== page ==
The following facts are undisputed unless otherwise noted.
The plaintiff was appointed to the DOC as a Probationary Correction Officer on June 2, 2005 and thereafter entered the Correction Academy. (City Defs.' 56.1 Stmt. ¶ 3.)*fn1 After graduating from the Correction Academy, the plaintiff was assigned to the Otis Bantum Correctional Center ("OBCC"), where she worked a schedule of four days on, followed by two days off, otherwise known as "the wheel." (City Defs.' 56.1 Stmt. ¶¶ 4-5.) As a Probationary Correction Officer, the plaintiff was required to serve a two-year probationary period. (City Defs.' 56.1 Stmt. ¶ 6.)
DOC Directive 2258R-A states that "a member who reports sick on twelve (12) or more work days within a twelve month period shall be classified as chronic absent." (City Defs.' 56.1 Stmt. ¶ 15.) This calculation excludes absences that occur while confined to any admitting hospital; the first absence from an injury in the line of duty; and, subject to such limitations as the DOC imposes, absences related to pregnancy. (City Defs.' 56.1 Stmt. ¶ 16; Canfield Decl. Ex. F ("Directive #2258R-A") at § II(A)(1).)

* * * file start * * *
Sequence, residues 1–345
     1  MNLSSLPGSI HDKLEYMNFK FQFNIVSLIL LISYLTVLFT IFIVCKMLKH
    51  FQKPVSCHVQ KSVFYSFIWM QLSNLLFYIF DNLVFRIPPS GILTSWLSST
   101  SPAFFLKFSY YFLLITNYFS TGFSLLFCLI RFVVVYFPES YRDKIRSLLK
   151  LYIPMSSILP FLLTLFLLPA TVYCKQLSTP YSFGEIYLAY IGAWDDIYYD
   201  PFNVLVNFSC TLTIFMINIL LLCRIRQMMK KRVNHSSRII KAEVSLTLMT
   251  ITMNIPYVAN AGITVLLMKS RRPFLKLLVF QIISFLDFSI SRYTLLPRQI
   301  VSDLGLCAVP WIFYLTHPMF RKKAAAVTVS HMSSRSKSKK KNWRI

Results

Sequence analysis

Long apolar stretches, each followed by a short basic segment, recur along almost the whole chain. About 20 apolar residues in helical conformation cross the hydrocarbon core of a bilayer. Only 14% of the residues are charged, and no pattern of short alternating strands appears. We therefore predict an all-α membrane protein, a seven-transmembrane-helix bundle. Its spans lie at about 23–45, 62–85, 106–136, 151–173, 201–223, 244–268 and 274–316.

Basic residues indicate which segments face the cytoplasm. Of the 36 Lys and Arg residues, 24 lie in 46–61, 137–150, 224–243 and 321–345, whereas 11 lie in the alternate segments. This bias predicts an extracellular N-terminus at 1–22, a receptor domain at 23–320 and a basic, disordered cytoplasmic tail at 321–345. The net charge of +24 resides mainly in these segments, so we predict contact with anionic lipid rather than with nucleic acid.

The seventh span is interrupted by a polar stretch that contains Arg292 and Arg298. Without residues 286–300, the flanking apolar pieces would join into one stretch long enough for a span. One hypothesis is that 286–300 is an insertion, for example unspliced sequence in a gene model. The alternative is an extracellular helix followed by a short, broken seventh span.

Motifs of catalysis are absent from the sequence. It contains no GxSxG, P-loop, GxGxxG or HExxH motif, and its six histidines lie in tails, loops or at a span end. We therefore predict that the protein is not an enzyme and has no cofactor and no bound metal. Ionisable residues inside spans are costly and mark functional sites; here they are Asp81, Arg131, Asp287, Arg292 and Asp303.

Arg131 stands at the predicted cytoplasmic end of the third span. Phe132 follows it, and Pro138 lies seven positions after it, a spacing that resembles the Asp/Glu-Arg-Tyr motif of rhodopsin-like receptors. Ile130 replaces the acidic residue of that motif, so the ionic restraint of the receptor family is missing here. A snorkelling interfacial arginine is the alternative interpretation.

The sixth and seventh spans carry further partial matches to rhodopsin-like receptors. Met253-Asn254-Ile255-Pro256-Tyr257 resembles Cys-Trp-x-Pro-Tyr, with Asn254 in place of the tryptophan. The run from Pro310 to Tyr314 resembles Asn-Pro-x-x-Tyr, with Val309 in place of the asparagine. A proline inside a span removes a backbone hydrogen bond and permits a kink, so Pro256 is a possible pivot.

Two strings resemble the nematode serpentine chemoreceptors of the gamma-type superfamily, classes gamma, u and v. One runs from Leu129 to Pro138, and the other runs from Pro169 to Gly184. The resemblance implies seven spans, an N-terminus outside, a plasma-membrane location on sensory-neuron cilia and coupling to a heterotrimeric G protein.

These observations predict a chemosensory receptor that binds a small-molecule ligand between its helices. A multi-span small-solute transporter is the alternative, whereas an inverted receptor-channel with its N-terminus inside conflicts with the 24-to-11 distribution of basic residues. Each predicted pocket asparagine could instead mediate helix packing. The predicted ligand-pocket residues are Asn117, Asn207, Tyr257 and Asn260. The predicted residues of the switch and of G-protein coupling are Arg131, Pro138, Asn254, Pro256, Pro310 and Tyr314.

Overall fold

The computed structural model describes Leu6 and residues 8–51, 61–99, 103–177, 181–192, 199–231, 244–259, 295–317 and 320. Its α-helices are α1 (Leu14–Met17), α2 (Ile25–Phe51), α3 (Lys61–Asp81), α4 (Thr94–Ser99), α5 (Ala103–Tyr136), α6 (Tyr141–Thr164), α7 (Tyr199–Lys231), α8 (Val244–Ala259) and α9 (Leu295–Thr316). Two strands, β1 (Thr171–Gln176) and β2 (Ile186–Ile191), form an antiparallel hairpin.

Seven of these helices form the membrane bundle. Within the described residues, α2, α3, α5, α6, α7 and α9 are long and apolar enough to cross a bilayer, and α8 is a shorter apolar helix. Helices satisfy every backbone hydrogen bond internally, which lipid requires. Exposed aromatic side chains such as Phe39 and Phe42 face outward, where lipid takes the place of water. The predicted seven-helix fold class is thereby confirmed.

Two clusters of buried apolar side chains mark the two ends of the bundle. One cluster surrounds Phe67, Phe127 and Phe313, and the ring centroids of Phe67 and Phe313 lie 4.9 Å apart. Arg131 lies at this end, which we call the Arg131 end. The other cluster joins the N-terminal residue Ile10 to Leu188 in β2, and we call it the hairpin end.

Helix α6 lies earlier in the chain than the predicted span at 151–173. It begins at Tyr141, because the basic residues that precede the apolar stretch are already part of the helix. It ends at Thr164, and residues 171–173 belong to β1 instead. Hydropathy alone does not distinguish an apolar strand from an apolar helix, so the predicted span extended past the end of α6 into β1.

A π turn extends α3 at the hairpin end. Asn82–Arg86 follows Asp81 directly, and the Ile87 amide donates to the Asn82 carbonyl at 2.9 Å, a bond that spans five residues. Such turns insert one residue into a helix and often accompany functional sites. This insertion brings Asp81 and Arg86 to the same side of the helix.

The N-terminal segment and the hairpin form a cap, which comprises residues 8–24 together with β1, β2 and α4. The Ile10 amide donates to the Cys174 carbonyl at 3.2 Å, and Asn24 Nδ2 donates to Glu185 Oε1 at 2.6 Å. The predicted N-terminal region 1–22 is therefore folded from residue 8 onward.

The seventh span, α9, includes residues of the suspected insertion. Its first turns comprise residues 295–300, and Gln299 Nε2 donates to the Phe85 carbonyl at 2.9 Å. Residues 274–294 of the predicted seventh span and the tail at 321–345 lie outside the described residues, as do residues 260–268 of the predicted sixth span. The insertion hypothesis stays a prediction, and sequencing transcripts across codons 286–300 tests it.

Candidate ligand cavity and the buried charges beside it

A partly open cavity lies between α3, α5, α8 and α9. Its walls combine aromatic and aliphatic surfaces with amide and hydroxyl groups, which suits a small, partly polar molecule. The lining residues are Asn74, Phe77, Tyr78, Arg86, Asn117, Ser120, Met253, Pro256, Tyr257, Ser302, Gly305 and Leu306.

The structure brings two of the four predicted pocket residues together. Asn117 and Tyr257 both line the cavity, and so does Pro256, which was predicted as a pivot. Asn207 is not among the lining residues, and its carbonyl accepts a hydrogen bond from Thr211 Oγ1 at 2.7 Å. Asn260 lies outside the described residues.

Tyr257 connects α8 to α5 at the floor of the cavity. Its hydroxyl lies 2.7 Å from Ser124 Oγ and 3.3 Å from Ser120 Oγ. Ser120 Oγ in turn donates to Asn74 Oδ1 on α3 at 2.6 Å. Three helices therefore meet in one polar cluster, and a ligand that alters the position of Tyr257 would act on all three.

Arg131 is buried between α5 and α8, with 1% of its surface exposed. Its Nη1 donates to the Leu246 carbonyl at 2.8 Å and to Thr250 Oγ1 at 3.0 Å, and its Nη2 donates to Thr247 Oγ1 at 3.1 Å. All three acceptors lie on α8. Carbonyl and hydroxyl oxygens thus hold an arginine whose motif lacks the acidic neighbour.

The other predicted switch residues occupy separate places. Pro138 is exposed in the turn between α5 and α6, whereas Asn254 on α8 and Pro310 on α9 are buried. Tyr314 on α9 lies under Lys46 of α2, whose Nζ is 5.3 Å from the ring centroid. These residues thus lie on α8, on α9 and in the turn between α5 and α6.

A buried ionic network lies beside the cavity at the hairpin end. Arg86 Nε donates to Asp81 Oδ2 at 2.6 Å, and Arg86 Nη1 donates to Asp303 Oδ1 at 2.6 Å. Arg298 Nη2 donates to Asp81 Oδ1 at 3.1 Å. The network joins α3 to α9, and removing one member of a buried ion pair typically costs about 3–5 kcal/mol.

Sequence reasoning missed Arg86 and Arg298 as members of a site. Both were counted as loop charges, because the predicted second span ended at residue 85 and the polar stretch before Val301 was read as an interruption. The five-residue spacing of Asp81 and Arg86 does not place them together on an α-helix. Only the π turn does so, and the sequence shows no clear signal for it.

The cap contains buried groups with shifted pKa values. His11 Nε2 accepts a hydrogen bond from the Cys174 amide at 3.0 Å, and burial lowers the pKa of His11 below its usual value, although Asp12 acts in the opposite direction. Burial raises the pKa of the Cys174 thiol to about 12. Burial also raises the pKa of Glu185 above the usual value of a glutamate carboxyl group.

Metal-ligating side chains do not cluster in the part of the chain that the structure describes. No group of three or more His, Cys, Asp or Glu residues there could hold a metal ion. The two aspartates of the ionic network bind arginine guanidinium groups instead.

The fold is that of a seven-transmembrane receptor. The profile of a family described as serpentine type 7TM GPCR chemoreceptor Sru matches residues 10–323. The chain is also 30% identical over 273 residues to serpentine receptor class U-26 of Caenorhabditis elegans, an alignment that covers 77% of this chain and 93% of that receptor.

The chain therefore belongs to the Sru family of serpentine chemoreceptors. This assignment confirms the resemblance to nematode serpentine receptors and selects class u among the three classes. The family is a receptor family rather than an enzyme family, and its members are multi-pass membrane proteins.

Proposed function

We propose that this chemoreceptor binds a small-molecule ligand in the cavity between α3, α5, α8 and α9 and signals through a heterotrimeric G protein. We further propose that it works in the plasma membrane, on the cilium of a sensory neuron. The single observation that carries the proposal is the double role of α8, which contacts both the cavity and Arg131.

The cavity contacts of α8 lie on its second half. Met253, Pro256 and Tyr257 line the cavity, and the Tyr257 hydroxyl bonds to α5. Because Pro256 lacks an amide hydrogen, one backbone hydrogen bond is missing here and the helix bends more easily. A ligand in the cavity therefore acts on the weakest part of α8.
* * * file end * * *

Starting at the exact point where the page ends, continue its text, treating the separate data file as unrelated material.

The plaintiff was absent for three days between September 2005 and December 16, 2005. (City Defs.' 56.1 Stmt. ¶ 28; Canfield Decl. Ex. H at 2.) Beginning December 17, 2005, the plaintiff missed eleven consecutive days. (City Defs.' 56.1 Stmt. ¶ 29; Canfield Decl. Ex. H at 2.) On or about December 20, 2005, the plaintiff was diagnosed with an upper respiratory infection. (City Defs.' 56.1 Stmt. ¶ 30.) Despite evidence of this infection, the plaintiff now alleges that the absences in December 2005 were because of her pregnancy, which she was unaware of at the time. (Canfield Decl. Ex. D ("Pl.'s July 20 Dep.") at 47:4-9, 18-23.)